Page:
Michael Caldwell is publisher of The Tribune. To reach him, call (740) 532-1445 ext. 24 or by e-mail at mike.caldwell@irontontribune.com. Follow him on Twitter: @MikeCaldwell_IT.

  • mikehaney

    Responsible gun handling would help. The shooter in this tragedy did not own a gun I understand. They belonged to his mother.
    Fast and furious put weapons into the hands of hard core criminals and we know it did cost one life. How about gun control starting with our gov’t first. We have in the past shipped thousands of weapons to governments that eventually turned against us.
    Also, how many times do we read of a criminal that could never pass a background check arrested for illegal carry?
    More gun laws? How about enforcing safe handling of guns by enforcing the laws we have on the books now.
    I’m tired of facing down idiots with guns now.
    Lived in Ironton in past and caught some fool hunting rats with a loaded shotgun in a field next to my yard. North end of Ironton. Cops called but he had left by time they arrived. I had already asked him to unload. Which he did.
    Lawco Lake. Sheriff called 5 times over the years on target shooting in Wayne National forest. No citations written(good ole boys). One time had round miss my head while walking in beach area. With my kids no less.
    Last febuary, duck blind set up in picnic area next to playground, sunday am,nice sunny day. Sheriff would not respond, board had given permission.
    Hunter left at eleven o’clock. Children playing in playground at one o’clock. How stupid is this?
    I’m a veteran, I support the NRA, and Lawco is a good place to have a hunting cabin with Wayne National just over the hill.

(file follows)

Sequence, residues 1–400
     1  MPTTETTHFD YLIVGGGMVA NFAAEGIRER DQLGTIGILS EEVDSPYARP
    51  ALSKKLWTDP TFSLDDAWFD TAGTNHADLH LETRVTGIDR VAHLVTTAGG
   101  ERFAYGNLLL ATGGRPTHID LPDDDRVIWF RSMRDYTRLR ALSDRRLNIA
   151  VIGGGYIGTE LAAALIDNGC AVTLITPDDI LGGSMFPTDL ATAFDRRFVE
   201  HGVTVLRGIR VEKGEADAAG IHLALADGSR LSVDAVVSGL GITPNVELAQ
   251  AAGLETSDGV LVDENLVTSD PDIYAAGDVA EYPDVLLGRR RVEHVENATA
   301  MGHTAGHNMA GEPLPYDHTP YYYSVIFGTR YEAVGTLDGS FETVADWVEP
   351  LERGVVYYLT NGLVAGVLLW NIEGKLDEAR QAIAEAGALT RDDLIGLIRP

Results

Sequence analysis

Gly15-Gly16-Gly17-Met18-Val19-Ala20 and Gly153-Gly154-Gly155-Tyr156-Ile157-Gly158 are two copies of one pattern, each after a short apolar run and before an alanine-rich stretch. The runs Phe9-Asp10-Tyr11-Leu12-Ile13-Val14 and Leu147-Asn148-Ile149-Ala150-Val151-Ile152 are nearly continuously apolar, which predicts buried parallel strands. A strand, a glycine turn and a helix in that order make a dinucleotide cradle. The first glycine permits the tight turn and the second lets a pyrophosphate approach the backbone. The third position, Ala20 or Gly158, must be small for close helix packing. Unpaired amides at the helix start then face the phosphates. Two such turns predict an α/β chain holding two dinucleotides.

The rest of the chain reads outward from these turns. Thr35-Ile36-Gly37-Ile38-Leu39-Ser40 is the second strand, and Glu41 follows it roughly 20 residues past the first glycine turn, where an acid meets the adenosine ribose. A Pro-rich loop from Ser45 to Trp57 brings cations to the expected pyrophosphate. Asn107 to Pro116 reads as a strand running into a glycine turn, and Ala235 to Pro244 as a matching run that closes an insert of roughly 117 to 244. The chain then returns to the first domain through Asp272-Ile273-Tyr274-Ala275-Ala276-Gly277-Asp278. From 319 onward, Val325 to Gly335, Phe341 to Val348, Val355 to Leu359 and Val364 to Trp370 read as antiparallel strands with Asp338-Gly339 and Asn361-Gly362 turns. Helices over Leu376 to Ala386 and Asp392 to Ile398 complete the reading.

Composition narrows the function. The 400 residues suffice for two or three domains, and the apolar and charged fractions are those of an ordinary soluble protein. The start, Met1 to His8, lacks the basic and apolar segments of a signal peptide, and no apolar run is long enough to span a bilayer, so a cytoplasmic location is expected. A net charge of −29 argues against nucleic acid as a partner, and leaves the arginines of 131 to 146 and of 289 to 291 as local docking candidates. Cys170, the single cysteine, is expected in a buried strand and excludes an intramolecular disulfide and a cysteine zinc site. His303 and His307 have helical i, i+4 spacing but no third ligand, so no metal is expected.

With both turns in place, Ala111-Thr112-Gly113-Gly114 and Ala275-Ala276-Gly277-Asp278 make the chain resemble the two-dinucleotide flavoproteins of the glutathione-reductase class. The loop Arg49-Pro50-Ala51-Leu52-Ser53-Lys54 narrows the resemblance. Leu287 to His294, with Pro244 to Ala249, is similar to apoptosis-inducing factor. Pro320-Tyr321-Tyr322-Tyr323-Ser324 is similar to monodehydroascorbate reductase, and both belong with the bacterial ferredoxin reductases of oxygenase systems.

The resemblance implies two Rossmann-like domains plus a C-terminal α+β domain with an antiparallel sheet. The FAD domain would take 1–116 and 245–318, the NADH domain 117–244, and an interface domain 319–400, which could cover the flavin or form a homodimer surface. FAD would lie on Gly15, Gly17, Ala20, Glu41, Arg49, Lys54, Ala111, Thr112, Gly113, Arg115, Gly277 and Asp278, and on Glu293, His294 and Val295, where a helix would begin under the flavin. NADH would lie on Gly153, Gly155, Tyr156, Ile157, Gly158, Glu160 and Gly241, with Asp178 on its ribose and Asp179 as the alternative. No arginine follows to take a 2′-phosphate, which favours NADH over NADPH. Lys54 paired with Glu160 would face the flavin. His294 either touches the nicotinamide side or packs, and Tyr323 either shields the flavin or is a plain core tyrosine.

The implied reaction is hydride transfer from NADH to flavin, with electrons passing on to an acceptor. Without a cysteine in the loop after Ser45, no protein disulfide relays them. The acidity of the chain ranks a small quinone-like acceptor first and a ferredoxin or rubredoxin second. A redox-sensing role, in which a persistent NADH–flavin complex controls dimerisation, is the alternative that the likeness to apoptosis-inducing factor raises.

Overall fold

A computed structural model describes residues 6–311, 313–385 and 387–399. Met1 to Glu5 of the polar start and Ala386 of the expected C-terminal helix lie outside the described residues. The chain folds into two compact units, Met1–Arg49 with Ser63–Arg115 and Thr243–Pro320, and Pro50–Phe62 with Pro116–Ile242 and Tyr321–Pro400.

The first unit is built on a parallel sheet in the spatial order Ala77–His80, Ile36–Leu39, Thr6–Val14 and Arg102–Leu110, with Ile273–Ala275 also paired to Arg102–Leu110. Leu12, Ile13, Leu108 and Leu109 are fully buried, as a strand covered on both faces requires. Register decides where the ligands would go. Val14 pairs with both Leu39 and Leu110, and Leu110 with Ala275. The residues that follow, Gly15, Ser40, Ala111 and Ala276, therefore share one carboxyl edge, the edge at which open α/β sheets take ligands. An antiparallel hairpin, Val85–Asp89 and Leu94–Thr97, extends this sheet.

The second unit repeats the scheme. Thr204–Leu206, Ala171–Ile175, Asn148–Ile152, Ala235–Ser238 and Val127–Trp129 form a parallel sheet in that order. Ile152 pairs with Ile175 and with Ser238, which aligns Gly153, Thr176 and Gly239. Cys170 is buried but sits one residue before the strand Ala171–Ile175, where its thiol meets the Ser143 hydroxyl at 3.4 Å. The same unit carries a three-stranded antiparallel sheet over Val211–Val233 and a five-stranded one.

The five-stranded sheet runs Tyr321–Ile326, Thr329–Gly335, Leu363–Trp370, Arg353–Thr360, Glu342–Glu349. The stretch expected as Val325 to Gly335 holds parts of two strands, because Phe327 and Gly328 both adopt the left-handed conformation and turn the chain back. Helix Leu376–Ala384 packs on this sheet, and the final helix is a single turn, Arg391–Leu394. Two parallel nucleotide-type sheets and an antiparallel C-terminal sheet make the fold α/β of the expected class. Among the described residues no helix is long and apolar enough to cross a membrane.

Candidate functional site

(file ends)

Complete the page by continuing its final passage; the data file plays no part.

Hearing hunters over the ridge doesn’t bother me.
    WW111 going on in Wayne national “target shooting” does. As well as shooting on Lake grounds.

    (Report comment)

  • outrome

    No politicans want to “disarm” responsible adults.
    Those who sell assault weapons to crazy & criminals have worked hard to trick people into opposing ANY control of weapons.
    A lot of people seem to be living in a world they saw in some movie.

    (Report comment)

  • mickakers

    I wonder, does excessive media attention contribute to this problem?

    (Report comment)

    • mikehaney

      Mick–the news is violent everyday, but videos games our children play are at least, 10 times worse.

      (Report comment)

  • BILLCO

    I don’t think disarming the people is the answer, thats the first thing that hitler did and we know the rest of that story. Thats what obama and his crew wants too do, I think that stronger laws on cuns are needed, assalt rifles should not be legal to own by private citizens they should only be legal for police and military. Disarm the people, and we are only a step away from communism, look at russia, china, and cuba, our government is bad right now but its not that bad yet. jmo

    (Report comment)